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Nagera, H. (1970). Children's Reactions to the Death of Important Objects—A Developmental Approach. Psychoanal. St. Child, 25:360-400.

(1970). Psychoanalytic Study of the Child, 25:360-400

Children's Reactions to the Death of Important Objects—A Developmental Approach

Humberto Nagera, M.D.


In the first parts of this paper I discussed the various factors that determine children's reactions to object loss. The cases cited in the last part demonstrate some of the characteristic responses: the short sadness span; the incapacity to sustain mourning; the massive use of denial and reversal of affect; the inability to grasp the reality of death; the search for substitutes (before the event, if the child was aware of the oncoming death, and after, if he was not); the simultaneous (overt or insidious) symptom formation and the creeping character distortions; the fear of "contamination" causing their own death, often side by side with fantasies of reunion.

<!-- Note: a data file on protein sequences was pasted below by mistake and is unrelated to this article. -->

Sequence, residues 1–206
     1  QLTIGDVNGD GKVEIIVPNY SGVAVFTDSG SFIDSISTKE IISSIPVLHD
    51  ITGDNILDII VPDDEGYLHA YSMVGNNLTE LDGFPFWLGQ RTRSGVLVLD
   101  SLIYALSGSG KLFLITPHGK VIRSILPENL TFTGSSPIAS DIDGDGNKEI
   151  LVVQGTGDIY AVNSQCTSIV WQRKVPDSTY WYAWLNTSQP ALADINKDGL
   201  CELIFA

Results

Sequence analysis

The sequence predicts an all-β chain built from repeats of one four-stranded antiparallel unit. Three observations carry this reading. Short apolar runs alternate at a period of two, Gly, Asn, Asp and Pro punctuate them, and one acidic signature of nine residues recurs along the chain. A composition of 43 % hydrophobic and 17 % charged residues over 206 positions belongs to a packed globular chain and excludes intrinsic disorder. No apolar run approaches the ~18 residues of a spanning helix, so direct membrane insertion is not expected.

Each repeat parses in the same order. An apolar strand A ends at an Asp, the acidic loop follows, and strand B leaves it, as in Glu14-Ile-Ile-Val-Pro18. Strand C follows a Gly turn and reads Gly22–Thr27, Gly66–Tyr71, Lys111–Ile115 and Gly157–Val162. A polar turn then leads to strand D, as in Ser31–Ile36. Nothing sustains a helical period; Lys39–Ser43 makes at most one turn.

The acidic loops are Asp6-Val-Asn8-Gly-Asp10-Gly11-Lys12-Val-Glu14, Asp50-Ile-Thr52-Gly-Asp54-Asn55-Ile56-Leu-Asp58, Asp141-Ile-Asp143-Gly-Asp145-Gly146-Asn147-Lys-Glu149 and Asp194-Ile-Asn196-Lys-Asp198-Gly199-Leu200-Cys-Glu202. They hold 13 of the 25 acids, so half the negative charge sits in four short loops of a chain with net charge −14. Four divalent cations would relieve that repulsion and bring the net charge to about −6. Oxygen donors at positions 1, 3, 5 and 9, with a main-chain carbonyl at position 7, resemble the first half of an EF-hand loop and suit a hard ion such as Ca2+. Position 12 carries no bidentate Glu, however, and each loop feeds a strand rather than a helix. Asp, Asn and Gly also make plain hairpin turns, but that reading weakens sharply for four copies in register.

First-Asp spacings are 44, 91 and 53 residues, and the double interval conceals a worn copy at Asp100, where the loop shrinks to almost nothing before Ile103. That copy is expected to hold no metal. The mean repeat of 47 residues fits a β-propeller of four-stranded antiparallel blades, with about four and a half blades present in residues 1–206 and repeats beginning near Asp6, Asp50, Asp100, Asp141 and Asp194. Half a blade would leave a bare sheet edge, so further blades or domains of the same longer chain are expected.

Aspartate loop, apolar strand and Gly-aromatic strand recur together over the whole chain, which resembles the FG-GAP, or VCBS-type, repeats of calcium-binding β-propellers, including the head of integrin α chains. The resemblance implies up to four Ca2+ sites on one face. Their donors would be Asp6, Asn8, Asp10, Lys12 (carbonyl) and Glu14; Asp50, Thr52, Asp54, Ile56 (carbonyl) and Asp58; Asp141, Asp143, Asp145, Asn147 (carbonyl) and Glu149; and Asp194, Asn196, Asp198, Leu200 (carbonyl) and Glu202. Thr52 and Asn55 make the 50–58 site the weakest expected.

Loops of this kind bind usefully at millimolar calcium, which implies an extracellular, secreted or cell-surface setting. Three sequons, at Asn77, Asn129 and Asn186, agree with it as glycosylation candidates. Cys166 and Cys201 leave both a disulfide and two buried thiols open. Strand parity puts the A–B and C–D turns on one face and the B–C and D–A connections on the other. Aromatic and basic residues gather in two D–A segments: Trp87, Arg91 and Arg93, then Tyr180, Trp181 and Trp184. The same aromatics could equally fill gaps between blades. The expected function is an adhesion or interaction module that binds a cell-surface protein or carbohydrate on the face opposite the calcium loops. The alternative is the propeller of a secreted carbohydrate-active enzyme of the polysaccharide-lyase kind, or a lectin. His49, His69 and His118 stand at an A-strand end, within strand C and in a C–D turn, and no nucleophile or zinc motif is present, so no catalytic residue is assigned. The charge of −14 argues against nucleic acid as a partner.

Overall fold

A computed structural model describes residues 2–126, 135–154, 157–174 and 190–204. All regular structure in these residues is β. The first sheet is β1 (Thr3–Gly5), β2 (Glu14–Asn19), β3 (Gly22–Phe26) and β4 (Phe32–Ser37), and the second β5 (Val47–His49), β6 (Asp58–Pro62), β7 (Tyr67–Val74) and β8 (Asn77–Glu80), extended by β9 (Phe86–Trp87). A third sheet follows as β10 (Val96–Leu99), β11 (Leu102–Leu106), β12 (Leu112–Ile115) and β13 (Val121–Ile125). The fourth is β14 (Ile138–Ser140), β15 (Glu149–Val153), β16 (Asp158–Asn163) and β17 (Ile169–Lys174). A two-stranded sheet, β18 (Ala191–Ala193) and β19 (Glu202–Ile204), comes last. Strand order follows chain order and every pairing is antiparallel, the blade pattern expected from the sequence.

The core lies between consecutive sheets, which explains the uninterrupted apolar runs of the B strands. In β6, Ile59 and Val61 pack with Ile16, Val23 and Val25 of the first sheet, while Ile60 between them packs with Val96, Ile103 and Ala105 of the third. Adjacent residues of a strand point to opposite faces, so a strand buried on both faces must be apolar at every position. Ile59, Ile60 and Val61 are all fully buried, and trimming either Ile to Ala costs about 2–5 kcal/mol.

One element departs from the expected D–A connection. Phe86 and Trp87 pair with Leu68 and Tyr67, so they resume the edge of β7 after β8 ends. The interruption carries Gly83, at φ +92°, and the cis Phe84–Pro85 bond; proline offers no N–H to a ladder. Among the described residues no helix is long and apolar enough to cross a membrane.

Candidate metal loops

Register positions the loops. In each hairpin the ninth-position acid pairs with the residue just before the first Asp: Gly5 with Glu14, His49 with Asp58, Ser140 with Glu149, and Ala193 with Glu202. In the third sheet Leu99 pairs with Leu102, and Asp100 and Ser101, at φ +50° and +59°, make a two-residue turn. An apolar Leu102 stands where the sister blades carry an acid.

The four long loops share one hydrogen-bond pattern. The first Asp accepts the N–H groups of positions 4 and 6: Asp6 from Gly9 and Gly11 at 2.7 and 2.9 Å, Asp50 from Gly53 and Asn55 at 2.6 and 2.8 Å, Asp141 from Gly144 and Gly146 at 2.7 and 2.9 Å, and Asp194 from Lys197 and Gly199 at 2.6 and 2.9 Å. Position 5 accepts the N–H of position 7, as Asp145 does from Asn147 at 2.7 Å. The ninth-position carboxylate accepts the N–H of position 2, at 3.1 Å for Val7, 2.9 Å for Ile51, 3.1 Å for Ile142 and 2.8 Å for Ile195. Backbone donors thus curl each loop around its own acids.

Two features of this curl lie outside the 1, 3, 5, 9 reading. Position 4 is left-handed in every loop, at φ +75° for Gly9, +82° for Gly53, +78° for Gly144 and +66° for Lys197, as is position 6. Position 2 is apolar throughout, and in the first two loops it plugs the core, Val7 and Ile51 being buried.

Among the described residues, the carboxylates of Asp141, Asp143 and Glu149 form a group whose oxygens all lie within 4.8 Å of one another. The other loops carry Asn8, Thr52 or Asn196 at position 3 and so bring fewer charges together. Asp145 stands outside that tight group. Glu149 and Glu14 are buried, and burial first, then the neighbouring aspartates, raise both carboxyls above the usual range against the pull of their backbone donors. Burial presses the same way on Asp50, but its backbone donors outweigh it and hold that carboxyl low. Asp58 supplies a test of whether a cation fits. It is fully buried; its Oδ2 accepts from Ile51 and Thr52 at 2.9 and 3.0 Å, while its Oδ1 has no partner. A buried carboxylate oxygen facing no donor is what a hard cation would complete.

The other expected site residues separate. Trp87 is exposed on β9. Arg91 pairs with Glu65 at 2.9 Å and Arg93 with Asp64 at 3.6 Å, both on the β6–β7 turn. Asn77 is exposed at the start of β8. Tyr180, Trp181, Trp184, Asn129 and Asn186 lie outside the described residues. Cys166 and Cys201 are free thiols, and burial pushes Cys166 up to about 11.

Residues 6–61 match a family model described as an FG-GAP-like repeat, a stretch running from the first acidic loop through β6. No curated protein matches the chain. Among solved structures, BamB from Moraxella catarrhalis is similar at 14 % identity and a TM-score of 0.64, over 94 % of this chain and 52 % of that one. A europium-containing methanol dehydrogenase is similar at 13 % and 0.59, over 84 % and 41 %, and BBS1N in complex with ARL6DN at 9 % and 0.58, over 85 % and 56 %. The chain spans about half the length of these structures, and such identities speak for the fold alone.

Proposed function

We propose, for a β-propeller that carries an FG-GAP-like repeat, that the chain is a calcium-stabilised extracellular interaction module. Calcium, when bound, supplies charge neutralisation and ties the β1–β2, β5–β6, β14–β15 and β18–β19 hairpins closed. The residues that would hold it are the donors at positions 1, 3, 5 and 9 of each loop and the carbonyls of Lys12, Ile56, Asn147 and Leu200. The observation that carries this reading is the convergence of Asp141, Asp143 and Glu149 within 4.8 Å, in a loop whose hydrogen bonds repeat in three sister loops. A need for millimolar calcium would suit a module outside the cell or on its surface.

Whatever the immediate response, we can conclude that the loss of an important object represents a developmental interference. In the case of P., a normal child, it complicated the ongoing oedipal relationships and perhaps somewhat prematurely pushed the child into relinquishing them. In the case of the two older children who

were studied analytically, it was especially apparent that the personality changes introduced by the loss interfered with their subsequent development.

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